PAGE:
The General Meeting was microphoneless, thanks to Passover services held downstairs in the rented synagogue building. "We need to be respectful of that, as we are of each other," said the chair. I thought she meant ridiculous religious dicta like avoiding electricity, but it was just a noise issue. Some over-respectful GM attendees didn't even flush the toilets. The chair introduced three new cochairs-in-training, all fresh-faced and pink-cheeked. The chair herself maintained great cheeriness while ruling with an iron hand throughout the meeting.

In his financial report, coordinator Mike Eakin said that the recent gross margin was 16.33% -- close to the perfect percentage of 16.67, which would be achieved when there is no "shrinkage" loss from theft or breakage. He said that a "slight inventory error" at the beginning of the year may have reduced earlier figures. (So much for blaming thieves.) He also distributed two crowded tables showing annual membership growth and net sales. Graphed here but stripped of fiscally sensitive figures, the data shows annual sales and membership growth stagnating in 1994, six years after the last building expansion began in 1988. Only sales improve after 1994. Why would sales increase despite fewer members joining a coop crowded soon after its last expansion? One explanation could be that the coop began selling more high-profit packaged and nonfood items. Another conclusion, based on the third chart showing my weight gain during the same period, is that I personally have eaten enough food to increase coop profitability.

Darlene reported that the Renovation Committee had sent Building Next Door plans to contractors for bids. Those would be due in early May and would finally determine project costs. The best bids may come from cheaper nonunion labor, which the committee knows would be controversial. Higher bids might mean a higher product-price markup, she said, and her committee had been "admonished" not to let that happen. She warned that if we didn't resolve the union-nonunion issue, some potential contractors might withdraw, and that might delay construction till September instead of starting it in May.

Darlene's reminder that the past two coop expansions had been nonunion, and her suggestions that nonunion did not equal evil, dissatisfied many in the crowd. "It's not a trivial thing," insisted member Ethel Merman. She quoted the coop mission statement: "We strive to be a responsible and ethical employer. . . . Avoid[ing] products that depend on the exploitation of others." (The mission statement is long enough a catechism to support any do-gooder cause, and would not even have passed had voting not been extended indefinitely.) Other members too were outraged, one blaming "globalization." "If we can afford another building, we can afford union labor," one said eloquently but not necessarily accurately. An Agenda Committee member said that the next GM would address unionization. I predict that the GM will vote for union labor, forcing the Renovation Committee to plan a more Spartan renovation that will pay for New York City's famously corrupt construction unions' costs.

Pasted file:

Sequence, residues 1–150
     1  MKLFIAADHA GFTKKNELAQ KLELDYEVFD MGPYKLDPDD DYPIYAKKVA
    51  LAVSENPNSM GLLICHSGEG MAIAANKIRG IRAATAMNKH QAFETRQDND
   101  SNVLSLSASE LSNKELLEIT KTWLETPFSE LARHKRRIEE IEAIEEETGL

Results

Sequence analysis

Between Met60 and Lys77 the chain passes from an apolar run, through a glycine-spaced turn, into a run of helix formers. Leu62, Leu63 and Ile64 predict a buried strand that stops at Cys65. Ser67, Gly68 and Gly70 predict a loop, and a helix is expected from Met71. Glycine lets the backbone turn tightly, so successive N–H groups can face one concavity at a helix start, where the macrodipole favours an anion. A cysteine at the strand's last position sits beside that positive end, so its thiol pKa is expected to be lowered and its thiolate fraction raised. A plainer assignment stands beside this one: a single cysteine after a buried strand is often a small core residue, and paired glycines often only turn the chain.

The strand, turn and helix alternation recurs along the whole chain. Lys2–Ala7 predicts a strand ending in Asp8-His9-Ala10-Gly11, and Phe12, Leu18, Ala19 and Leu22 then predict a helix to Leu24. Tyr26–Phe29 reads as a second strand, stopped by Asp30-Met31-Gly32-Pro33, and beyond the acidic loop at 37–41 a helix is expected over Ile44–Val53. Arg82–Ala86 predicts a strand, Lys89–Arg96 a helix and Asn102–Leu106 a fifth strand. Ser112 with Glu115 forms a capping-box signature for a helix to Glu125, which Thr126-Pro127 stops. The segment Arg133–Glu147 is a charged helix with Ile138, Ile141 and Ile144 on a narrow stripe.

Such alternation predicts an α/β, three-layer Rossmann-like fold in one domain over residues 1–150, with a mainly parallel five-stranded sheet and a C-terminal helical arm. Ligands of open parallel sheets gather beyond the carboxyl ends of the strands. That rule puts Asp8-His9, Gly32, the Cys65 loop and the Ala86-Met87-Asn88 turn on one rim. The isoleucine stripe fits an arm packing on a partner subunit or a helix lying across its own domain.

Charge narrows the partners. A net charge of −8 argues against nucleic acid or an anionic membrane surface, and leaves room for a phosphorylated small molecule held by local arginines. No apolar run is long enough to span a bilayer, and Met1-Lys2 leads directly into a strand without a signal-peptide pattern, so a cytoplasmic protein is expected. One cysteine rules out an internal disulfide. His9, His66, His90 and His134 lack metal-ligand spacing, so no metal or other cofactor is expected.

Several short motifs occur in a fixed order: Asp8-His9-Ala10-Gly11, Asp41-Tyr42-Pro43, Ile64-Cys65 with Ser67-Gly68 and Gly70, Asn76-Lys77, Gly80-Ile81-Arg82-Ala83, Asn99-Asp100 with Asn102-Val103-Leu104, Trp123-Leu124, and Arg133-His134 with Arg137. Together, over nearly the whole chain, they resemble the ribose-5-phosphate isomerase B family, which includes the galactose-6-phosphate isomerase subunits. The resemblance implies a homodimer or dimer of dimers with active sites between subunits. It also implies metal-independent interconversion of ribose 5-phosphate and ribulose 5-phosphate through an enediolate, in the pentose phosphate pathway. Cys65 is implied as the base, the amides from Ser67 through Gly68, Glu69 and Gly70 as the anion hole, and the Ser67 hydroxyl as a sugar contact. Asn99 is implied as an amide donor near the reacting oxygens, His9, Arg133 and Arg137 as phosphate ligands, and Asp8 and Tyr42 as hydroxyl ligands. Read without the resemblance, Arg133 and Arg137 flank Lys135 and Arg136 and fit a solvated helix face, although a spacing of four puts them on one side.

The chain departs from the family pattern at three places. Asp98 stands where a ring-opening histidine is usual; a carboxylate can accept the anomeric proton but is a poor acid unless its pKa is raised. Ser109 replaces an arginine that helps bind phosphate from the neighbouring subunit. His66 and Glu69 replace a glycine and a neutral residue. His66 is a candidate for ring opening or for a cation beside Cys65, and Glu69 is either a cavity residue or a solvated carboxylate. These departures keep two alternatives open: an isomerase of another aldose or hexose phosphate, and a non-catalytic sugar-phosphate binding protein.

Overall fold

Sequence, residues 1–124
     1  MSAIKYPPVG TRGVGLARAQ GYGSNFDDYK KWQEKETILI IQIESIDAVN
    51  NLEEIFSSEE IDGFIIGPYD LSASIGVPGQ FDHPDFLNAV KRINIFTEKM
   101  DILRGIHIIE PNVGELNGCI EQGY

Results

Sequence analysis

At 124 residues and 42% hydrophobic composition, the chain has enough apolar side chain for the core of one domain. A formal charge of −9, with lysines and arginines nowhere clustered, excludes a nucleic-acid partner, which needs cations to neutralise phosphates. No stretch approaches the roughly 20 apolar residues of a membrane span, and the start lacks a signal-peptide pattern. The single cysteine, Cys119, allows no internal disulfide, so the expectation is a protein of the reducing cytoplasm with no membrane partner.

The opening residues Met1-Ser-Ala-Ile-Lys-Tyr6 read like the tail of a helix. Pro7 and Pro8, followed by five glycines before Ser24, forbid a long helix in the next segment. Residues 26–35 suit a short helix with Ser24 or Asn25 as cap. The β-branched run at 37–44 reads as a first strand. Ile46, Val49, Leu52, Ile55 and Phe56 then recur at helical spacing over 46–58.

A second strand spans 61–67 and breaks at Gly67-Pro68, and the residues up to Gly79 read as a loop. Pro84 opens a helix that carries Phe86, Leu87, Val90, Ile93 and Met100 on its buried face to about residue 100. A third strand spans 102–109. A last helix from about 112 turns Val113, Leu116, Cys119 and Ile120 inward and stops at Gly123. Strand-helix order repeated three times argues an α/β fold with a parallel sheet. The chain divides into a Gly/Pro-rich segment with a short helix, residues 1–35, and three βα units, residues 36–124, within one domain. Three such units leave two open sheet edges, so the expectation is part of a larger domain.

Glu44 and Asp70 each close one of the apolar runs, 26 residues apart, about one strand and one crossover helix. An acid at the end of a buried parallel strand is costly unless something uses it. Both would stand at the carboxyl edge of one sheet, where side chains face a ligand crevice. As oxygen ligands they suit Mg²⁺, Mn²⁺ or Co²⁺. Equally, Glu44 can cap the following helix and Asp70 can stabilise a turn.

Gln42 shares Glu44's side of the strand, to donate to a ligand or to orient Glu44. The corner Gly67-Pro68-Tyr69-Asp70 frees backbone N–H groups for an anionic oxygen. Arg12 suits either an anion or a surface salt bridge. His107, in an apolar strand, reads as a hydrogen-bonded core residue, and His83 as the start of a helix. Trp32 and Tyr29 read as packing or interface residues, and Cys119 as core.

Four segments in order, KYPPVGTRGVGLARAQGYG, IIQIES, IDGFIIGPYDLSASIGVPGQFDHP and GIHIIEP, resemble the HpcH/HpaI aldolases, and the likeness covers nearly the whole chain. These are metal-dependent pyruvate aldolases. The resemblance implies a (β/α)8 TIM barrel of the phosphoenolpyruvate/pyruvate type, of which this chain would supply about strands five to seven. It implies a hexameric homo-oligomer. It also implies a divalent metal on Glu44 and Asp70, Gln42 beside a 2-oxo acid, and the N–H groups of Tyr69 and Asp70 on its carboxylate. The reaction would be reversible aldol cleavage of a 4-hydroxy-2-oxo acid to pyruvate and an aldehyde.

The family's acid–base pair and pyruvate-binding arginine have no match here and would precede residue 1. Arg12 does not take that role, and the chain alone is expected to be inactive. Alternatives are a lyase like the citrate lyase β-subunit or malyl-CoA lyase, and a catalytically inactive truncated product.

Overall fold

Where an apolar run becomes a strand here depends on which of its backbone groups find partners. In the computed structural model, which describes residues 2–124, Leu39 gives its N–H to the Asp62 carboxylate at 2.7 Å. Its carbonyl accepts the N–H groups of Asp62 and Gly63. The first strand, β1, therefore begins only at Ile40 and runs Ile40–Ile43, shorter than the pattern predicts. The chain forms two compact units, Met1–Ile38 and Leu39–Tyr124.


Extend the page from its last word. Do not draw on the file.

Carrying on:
In other discord, Doyle Warren asked how the Renovation Committee's plans could have been made an amendment to the original plans. The original plans had been submitted to the New York City Department of Buildings by Warren's Project Development Team before top coordinator Joe Holtz had dissolved the PDT, and the original plans were the property of the PDT's contractor, Standart. Holtz replied that the filing to the Department of Buildings was the coop's property, even if drawings associated with the filing were not. Warren was incredulous and locked horns with Holtz till the chair muzzled them both.

General Meeting cochair Carl Arnold has grown very activist in the last few months. He had spearheaded the previous GM's discussion of how to oppose genetically engineered food, promoting that agenda and that agenda item. This night, he had a proposal to reduce the coordinators' influence on Annual Meeting elections of the board of directors. Coop members elect a board of directors because the board must, for legality's sake, okay the decisions of the monthly General Meetings. The Annual Meeting, which despite its election is even more boring than the General Meeting, always fails to have a quorum of 100 people. To maintain a quorum, the coordinators helpfully collect proxies from non-attending members.

But as dissent grows over coordinator decision making -- sometimes over the coop's commercial emphasis, sometimes over management problems, sometimes over the cut of Holtz's beard -- some board candidates began refusing to rubber-stamp some decisions of the coordinator-dominated GMs. To keep coordinator-friendly members elected to the board, Holtz began wielding those proxies. At the 1997 Annual Meeting, his fistful of proxies rejected blowhard member Ethel Merman and installed patsy Melinda Marx as a director, even though Merman had slightly more votes from Annual Meeting attendees actually present.

Arnold's proposed solution: end the current use of undirected proxies, which allow a proxy holder to easily solicit unlimited power from many members. Instead, allow only directed proxies that authorize only specific voting, and aggressively mail those proxies to every member to sign and return. This would give the proxy-signing membership a greater chance to vote. It would also reduce Holtz's or any individual's ability to skew board elections. With such directed proxies, "the choice is up to the proxy signer, not the proxy holder," said Arnold. "An undirected proxy hands both judgment and decision to someone else."